Lawyer works to avoid wasting the humanities throughout COVID-19 pandemic

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Lawyer works to save the arts during COVID-19 pandemic

Orlando – Orlando was really built on performances and art, starting with Walt Disney World. Now it's going so far beyond the parks, with world-class performing arts and art groups competing with any major city in the United States.

But now they are in danger and it is impossible to predict how well one of these organizations will survive the COVID-19 pandemic.

This is where people like Brendan Lynch come in. Lynch is a shareholder in the Lowndes law firm, but it is his love of art that has earned him a nomination as one of our heroes.

"Last year, I took the chair of United Arts of Central Florida's board," said Lynch. "United Arts is the largest funding organization of over 60 art organizations in Central Florida."

United Arts of Central Florida (Copyright 2020 by WKMG ClickOrlando – All rights reserved.)

These organizations include some that are as well known as the Orlando Science Center, the Opera Orlando and the Orlando Ballet, but also so many smaller groups that you may not be so familiar with.

"We know about Timucua and the performances they give every weekend in an Orlando crowd-pulling house," said Lynch. "People who bring Potluck meals and gather in a room for wonderful music. Do we know the Steinway Society that helps children teach piano week after week? Things like that are not so obvious and not so visible." but they touch individual lives. "

But lately, in the midst of the COVID 19 pandemic, the looks of the arts in Orlando have changed and there is no telling when they might return to normal.

"A few museums were allowed to open recently, but from a performing arts perspective, not only have they not performed since March, they also see nothing on the horizon that says they will be able to do so in the fall," said Lynch. "They are all trying to do things to engage their donors, their patrons, the performers, the community with virtual art classes and zoom calls. One group we fund at United Arts is the FringeFest. A couple of weeks ago they hosted a free online fringe festival. It was only available online so people could watch and come in and watch when they wanted. The Philharmonic gave small mini concerts, the ballet does small visuals online if they can. But these are not necessarily money earners, right, they don’t make any money in the programs. And if you miss a show, if you can’t do a production, it’s kind of an elixir of life and it’s over. So if you miss three or a season, it's definitely over. "

United Arts of Central FloridaUnited Arts of Central Florida (Copyright 2020 by WKMG ClickOrlando – All rights reserved.)

This is one of the reasons why United Arts has made an even bigger fundraiser than usual to help the organizations.

"United Arts runs a campaign each year called the United Arts Collaborative Campaign," said Lynch. "It's generally running in the first three months, the first four months of the year, and for a few years now it's been a $ 2.1.2.2 million campaign. We have $ 3.2 million this year -Dollar collected. "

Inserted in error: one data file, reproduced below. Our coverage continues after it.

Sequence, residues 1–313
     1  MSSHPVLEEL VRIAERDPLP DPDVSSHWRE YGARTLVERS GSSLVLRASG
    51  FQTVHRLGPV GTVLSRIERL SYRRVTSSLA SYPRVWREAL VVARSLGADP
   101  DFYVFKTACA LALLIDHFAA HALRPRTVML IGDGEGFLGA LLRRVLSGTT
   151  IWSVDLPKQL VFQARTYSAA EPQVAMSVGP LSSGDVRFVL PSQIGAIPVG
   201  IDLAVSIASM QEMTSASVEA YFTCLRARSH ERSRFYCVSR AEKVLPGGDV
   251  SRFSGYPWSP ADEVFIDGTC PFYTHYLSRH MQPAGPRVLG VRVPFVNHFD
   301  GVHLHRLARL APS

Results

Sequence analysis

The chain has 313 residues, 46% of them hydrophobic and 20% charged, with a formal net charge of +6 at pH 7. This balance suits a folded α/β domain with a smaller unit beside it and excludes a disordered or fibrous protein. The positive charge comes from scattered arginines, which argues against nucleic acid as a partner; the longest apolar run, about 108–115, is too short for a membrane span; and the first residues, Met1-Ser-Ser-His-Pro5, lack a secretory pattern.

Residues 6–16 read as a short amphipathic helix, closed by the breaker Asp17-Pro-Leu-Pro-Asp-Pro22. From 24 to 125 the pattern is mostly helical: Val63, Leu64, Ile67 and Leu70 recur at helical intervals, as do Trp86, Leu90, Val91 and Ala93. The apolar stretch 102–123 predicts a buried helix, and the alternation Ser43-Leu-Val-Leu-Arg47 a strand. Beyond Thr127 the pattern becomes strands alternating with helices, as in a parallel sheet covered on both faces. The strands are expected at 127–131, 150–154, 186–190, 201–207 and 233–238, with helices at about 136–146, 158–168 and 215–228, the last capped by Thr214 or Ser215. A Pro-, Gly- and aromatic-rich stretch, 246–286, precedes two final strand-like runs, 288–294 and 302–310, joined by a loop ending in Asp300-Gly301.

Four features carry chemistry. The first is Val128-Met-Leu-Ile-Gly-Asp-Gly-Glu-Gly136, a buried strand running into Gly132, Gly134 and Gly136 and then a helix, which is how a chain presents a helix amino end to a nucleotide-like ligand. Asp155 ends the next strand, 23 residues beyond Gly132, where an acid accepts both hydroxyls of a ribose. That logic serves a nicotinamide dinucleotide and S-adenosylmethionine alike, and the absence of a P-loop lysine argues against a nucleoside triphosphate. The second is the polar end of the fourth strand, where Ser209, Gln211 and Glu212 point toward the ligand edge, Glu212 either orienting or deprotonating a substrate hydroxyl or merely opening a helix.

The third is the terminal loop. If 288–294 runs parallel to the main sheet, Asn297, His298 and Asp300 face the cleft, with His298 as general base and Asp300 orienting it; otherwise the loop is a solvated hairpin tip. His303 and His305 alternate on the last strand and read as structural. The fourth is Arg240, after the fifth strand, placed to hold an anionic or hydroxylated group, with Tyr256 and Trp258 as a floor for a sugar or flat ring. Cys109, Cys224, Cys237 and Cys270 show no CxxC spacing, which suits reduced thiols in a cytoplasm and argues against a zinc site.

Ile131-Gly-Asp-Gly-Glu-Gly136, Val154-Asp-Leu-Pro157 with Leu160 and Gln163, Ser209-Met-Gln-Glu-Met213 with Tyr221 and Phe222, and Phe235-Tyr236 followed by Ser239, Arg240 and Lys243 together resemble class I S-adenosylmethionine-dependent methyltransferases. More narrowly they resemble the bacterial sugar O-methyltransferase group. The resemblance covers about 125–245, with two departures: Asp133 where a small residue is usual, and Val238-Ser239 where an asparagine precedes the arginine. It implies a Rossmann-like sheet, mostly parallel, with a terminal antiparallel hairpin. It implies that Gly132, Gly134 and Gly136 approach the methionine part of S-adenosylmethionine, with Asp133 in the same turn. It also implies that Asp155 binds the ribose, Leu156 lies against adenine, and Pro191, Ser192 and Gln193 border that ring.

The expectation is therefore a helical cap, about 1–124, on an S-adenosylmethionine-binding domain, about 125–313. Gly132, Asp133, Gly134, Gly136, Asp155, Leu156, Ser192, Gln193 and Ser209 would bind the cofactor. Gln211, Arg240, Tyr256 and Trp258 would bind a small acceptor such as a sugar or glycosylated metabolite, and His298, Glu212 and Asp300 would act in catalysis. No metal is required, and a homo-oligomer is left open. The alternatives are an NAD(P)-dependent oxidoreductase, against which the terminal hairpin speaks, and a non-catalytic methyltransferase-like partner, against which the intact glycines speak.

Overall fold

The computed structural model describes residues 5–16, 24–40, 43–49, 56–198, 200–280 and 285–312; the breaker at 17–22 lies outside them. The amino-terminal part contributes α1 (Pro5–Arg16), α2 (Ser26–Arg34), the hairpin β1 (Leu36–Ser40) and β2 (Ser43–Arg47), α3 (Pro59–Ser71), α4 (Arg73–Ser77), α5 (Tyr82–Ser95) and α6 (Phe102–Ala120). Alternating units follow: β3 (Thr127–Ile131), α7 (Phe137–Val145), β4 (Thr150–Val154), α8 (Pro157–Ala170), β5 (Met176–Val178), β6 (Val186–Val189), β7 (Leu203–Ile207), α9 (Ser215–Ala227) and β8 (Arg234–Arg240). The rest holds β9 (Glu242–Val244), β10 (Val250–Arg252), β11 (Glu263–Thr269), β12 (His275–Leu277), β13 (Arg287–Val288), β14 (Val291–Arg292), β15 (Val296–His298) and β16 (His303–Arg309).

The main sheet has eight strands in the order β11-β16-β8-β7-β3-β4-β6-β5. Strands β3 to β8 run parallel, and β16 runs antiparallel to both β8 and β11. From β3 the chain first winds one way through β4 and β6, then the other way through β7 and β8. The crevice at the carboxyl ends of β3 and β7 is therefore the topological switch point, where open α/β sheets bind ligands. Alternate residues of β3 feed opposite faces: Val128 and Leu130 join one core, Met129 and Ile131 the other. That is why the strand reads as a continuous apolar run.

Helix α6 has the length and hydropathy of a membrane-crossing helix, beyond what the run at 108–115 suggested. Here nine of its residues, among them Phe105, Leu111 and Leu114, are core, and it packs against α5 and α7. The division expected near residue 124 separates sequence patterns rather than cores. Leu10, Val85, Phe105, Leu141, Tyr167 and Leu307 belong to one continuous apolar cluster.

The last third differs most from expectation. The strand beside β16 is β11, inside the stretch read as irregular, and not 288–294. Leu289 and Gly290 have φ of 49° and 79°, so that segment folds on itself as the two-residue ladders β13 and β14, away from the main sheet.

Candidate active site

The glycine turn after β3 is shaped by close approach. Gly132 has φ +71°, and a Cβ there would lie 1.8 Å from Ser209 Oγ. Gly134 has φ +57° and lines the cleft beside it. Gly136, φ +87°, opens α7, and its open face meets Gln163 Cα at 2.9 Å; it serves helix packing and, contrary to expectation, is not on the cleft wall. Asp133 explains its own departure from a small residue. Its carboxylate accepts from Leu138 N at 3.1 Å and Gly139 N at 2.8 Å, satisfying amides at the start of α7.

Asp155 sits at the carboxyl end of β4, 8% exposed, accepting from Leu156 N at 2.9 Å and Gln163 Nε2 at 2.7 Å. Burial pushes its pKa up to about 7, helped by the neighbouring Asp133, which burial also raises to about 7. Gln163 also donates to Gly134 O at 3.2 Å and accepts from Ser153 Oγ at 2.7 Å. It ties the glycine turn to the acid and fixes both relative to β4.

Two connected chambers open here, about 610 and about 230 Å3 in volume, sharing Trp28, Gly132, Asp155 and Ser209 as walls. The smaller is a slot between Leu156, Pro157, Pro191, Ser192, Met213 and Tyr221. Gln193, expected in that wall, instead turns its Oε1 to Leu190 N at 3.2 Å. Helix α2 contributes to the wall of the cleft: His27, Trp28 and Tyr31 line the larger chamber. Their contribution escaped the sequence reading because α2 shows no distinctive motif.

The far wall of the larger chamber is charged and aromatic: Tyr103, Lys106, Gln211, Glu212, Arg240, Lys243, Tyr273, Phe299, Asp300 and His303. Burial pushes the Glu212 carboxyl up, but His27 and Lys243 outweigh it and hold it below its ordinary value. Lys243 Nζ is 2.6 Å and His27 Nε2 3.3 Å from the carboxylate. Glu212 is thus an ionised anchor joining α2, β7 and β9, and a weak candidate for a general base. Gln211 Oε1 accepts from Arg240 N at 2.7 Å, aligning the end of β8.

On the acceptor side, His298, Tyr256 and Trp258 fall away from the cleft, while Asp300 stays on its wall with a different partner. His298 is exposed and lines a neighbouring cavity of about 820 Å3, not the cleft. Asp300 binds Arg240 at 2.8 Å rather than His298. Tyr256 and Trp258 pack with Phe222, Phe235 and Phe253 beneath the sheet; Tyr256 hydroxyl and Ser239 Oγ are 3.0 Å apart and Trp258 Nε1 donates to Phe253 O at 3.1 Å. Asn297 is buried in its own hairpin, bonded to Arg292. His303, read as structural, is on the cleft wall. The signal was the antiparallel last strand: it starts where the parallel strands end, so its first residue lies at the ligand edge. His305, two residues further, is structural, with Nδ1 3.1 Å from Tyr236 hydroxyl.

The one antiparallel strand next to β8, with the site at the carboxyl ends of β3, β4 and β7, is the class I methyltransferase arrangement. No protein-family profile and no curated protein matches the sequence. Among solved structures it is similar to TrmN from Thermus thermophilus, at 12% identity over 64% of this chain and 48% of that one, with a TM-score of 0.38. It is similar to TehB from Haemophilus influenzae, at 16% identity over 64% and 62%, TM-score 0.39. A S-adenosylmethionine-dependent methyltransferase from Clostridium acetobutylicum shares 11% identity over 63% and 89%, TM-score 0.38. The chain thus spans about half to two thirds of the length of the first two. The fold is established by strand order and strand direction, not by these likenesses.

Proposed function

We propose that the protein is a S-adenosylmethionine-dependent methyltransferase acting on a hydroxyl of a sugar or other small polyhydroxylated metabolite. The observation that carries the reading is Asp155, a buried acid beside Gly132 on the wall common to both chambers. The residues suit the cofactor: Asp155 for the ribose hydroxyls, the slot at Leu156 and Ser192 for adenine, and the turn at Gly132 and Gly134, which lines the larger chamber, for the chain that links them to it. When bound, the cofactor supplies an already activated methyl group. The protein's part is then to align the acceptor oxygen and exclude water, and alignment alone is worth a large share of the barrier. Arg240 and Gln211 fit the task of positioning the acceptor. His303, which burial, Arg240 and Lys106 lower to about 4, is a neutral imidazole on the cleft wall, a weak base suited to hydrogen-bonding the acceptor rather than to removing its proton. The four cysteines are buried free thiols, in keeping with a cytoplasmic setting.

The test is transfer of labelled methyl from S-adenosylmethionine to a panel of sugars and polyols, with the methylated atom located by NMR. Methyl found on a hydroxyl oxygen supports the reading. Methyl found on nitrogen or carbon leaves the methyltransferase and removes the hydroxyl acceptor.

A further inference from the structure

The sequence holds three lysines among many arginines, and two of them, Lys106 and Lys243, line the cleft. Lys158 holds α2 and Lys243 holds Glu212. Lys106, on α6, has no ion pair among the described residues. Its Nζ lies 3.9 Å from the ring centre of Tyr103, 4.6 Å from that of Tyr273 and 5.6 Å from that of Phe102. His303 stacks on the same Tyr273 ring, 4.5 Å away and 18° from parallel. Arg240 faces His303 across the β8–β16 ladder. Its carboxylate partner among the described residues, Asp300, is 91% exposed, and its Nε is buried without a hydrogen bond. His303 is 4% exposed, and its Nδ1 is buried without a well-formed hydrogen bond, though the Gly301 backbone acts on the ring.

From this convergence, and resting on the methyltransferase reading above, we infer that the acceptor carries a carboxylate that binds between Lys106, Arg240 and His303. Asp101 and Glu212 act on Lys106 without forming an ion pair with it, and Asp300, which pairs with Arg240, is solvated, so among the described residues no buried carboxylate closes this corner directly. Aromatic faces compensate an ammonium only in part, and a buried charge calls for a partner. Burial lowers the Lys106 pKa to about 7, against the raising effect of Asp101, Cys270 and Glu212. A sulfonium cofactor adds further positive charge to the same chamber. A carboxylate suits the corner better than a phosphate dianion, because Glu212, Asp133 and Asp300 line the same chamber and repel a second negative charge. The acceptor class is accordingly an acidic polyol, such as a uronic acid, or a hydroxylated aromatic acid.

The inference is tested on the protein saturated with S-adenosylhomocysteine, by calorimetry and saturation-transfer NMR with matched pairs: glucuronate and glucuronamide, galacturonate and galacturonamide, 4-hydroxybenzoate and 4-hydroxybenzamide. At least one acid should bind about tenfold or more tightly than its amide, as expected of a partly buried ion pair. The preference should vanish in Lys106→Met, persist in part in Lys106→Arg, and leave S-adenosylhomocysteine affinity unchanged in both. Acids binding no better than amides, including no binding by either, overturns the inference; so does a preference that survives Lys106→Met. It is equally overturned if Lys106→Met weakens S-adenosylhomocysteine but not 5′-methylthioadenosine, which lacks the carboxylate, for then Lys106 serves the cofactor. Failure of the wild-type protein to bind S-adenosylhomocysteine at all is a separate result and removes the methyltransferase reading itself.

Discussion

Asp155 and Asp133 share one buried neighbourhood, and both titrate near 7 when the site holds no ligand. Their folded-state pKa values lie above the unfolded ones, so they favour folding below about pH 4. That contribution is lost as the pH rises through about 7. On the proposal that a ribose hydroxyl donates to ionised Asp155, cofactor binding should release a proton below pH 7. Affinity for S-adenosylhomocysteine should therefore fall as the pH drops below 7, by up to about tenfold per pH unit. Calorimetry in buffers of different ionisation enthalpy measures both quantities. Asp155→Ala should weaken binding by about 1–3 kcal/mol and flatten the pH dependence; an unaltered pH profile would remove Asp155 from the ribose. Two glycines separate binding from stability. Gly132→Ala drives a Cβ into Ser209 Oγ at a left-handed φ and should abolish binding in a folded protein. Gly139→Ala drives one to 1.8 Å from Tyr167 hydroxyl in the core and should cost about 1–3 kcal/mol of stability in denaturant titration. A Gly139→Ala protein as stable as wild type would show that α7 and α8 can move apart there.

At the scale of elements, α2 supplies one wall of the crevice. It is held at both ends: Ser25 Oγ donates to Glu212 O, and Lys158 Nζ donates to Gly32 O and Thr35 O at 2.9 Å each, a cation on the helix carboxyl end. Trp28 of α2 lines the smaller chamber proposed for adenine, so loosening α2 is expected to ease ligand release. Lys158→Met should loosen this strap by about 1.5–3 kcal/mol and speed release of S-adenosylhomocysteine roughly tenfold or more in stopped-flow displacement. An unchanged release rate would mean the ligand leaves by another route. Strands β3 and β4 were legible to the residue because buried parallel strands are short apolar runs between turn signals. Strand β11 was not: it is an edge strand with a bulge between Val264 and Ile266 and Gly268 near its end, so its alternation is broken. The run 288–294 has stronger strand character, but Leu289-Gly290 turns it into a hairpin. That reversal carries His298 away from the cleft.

Money that not only makes things like evening performances possible in the future – but the programs you don't think about affect people every day.

"This can result in art being brought into senior institutions, close relationships with OCPS to bring students to programs they would otherwise never see, and working with our government agencies to create art for our government institutions to provide, "said Lynch.

United Arts of Central FloridaUnited Arts of Central Florida (Copyright 2020 by WKMG ClickOrlando – All rights reserved.)

This is one of the biggest challenges for the groups. You can certainly have the experiences that make them so great.

"I think that's the multi-million dollar question of how things will change," said Lynch. “There is no presumption that everything will return to normal in six or twelve months, especially in the performing arts. How do choirs work safely and appropriately? But I think what we saw and what these groups learn mostly is how to connect in different ways and how to connect virtually is a big deal. It's a big deal in all industries and art is no exception, how can I connect with you over the phone or via a video conference? How do we do it differently if you can't come to a show? Can we only provide a full service online and charge a fee for it? These are questions that are asked, and it's not unlike how cinemas try to figure out how to do it. "

United Arts of Central FloridaUnited Arts of Central Florida (Copyright 2020 by WKMG ClickOrlando – All rights reserved.)

But Lynch said the best thing about the arts at times like this was that they could be a much-needed escape.

"The arts keep people healthy in many ways, you know, we can talk about our little children and sing with them in the house or sing without our little children in the house or dance parties in the house, those are moments during this pandemic with some relief , with a little joy, and we're trying to keep those memories alive for all of these organizations, "said Lynch.

Lynch said he was honored to be selected as one of our heroes, but he was not the only hero working to keep the arts going. Many people keep these efforts alive.

"It is an honor for me to be in their presence. I am a lawyer who happens to love the arts and is lucky enough to be able to interact with them on a regular basis and how they have committed to this community to raise over $ 3 million to support these groups and how they do theirs Keeping people and employees going The top performers in the positions in which they operate are exceptional, ”said Lynch.

United Arts of Central FloridaUnited Arts of Central Florida (Copyright 2020 by WKMG ClickOrlando – All rights reserved.)

Copyright 2020 by WKMG ClickOrlando – All rights reserved.